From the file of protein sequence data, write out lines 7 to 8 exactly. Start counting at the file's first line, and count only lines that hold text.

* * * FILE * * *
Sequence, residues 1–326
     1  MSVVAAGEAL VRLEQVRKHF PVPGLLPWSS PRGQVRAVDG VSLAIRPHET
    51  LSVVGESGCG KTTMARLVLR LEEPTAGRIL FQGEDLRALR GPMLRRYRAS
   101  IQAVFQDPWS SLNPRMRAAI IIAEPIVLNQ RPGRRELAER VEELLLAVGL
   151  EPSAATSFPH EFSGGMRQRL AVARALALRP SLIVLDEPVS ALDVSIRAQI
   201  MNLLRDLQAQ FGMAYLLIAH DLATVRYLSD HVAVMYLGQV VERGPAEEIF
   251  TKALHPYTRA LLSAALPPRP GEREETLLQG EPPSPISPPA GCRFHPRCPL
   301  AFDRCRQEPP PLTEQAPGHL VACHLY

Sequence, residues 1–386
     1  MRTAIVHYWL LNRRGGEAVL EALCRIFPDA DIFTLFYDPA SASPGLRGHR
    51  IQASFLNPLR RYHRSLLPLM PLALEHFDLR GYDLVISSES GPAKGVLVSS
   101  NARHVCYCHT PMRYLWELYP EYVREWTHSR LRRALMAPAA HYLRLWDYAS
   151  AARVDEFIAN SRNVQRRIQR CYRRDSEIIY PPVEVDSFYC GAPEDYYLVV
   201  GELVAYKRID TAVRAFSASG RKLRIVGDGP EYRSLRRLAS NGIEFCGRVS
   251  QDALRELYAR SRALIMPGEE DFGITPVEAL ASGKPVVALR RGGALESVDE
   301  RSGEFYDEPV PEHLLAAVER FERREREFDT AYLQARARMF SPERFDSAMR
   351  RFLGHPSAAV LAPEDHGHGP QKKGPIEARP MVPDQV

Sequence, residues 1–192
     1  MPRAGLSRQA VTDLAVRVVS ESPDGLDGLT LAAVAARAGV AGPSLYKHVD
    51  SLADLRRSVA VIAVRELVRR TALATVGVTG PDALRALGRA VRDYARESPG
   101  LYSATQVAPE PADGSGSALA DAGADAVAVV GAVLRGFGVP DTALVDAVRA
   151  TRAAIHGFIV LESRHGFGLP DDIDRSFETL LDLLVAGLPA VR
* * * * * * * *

   251  TKALHPYTRA LLSAALPPRP GEREETLLQG EPPSPISPPA GCRFHPRCPL
   301  AFDRCRQEPP PLTEQAPGHL VACHLY